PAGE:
The email notification feature is fairly standard in business-class battery backup. You can define an email server, sender, recipient, and the message in sufficient detail. In addition, you can select the notification level, which basically is a threshold that specifies the gravity of the event to cause notification, such as “critical,” “major,” or just information. However, it is not possible to define different user groups that would allow informing different people of various events.
The Powerware device offers four power outlets within the main power group, and two additional power groups with two outlets each, which can be configured separately. In our example, we defined group 1 to be switched off once the battery reaches 30%. There are multiple criteria that can be set for each of the outlet groups: in addition to the battery charge level, you can set a shutdown and a startup timer.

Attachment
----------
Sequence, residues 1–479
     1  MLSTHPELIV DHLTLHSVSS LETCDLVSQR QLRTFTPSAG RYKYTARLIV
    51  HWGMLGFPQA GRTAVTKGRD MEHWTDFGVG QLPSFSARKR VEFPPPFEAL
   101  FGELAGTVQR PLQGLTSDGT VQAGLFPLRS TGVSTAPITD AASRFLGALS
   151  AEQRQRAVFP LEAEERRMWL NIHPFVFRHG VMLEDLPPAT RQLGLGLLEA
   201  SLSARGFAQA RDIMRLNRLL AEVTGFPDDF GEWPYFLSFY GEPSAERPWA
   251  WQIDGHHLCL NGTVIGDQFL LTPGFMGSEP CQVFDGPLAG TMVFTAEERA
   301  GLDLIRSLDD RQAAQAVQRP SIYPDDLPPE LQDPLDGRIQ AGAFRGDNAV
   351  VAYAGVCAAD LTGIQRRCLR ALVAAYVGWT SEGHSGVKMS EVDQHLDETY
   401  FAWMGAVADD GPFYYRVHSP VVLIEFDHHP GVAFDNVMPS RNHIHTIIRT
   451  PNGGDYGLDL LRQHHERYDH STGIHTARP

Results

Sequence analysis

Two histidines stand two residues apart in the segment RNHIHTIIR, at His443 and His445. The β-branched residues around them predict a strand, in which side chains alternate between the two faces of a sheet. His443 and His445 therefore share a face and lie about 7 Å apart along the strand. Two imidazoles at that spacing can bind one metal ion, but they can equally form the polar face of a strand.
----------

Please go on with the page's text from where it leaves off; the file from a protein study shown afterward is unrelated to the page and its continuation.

More attached devices also mean more responsibility in choosing the right outlets for various devices, as the wrong backup strategy may be counter-productive.
Less important devices that still require power when they are in standby (printers, for example) should be connected to an outlet group that completely switches off power at an early point to save the batteries. Some devices should not even receive battery power, such as displays, KVM switches, secondary network hardware, and so forth.
At the same time, critical devices, such as PoE switches for VoIP or routers, should receive power for as long as possible; this is also important because the Powerware device shutdown management only works with functioning network connections. This option sounds scary, as it would completely empty the battery and probably leave insufficient time for shutting down other systems. If you want to be sure you can sustain power to essential devices for a long time, we recommend purchasing a separate, simple UPS unit for them. In this case you can utilize the Powerware PW5130 to deploy a reasonable shutdown scenario across your connected systems.